In Asian tropical forests, Dipterocarpaceae is the most ecologically and economically important tree family. Due to their economic importance, dipterocarps are widely planted in tropical Asia. To well manage the dipterocarp plantations, water consumption and hydrological implications from such commercial plantations need to be assessed. However, the seasonal water use and stand-level transpiration of Dipterocarpaceae have not been well investigated.
Together with his teacher Prof. CAO Kunfang, Mr. Zafar Siddiqi, a Ph.D candidate of Xishuangbanna Tropical Botanical Garden (XTBG), measured the seasonal behavior of sap flow in eight evergreen dipterocarp species in six monoculture stands and in one-mixed plantation stand in Xishuangbanna, the northern tropics of Southwest China. The researchers aimed to see whether water use in dipterocarp trees differed between in wet and dry seasons. Then what were the main environmental factors that drove the differences? They also measured the water used by the dipterocarp plantation stands.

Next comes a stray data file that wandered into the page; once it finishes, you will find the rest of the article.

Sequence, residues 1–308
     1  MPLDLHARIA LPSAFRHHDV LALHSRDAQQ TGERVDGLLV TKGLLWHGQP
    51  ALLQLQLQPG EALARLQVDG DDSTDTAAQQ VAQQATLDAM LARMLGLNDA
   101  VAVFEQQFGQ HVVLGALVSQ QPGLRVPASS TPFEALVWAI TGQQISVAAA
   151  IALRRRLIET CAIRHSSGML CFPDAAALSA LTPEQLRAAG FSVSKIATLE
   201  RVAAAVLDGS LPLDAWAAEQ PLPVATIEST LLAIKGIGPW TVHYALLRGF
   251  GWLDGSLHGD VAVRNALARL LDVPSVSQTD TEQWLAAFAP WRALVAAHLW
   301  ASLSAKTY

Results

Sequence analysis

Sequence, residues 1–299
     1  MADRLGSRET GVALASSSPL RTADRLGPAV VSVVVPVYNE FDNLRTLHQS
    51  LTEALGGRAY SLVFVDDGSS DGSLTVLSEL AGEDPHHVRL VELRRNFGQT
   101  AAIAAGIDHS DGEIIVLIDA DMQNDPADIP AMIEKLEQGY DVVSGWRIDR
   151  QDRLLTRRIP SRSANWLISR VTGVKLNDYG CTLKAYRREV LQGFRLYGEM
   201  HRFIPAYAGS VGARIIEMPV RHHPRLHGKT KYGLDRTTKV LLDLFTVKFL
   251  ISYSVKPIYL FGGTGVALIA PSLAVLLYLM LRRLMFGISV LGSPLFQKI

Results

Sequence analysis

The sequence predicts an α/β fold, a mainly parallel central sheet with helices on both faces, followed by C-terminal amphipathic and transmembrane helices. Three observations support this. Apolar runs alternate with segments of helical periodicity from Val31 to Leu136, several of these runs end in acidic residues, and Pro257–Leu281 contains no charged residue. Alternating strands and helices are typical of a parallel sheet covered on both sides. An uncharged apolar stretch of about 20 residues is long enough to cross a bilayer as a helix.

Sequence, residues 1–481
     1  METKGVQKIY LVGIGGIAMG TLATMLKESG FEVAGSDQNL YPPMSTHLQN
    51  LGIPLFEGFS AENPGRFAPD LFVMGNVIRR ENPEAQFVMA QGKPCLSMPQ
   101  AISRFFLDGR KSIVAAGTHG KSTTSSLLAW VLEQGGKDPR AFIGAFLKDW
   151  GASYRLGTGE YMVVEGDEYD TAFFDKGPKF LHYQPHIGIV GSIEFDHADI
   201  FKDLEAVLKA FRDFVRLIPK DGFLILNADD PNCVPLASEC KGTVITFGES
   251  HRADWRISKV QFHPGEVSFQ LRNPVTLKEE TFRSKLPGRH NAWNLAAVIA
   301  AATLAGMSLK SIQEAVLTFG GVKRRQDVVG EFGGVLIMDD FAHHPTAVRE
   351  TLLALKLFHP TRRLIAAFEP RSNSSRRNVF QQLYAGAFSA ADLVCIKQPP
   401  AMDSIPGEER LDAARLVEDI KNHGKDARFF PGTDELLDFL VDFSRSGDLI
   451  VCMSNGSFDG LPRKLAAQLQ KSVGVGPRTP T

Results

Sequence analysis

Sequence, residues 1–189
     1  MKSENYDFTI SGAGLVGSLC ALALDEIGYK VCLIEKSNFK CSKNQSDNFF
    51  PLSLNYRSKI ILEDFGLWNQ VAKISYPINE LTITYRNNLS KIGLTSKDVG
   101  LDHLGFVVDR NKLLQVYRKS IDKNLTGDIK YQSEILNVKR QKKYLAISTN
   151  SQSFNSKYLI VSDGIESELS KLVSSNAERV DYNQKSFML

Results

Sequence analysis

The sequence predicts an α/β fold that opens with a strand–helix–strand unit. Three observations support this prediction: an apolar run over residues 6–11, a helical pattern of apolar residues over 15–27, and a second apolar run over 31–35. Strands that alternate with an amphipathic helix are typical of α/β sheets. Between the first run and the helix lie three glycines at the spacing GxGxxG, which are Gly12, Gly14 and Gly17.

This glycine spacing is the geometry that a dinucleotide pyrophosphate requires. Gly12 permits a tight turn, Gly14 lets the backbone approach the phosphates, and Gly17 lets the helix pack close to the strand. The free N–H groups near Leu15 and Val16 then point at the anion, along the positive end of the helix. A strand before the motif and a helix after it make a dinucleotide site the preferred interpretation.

The researchers selected eight dipterocarp species grown in plantations from six monoculture stands and one mixed stand of two species to investigate their seasonal behaviors of sap flow and water use. They placed two data loggers and a power source for measuring sap flow in 22 trees in those seven plantation stands.
They found that the dipterocarp species and their plantation stands increased water use in dry season (November to April) in Xishuangbanna. The higher water use in the dry season was explained by higher vapor pressure deficit and increased effect of photosynthetic active radiation on canopy transpiration.
Compared with fast-growing Eucalyptus and Acacia mangium plantations in Xishuangbanna, the dipterocarp plantations consumed much less water. It was due to a combination of favorable conditions both above and below ground, by the frequent and cloudy days in the ever-wet tropical rain forests.
The study thus provided important insights for planning forest plantation, especially in the context of predicted increases in drought and in managing the hydrology of watershed areas.
The study entitled “Increased water use in dry season in eight dipterocarp species in a common plantation in the northern boundary of Asian tropics” has been published online in Ecohydrology.
Key Laboratory of Tropical Forest Ecology, Xishuangbanna Tropical Botanical Garden, Chinese Academy of Sciences,
Mengla, Yunnan 666303, China
52 Sanlihe Rd., Beijing,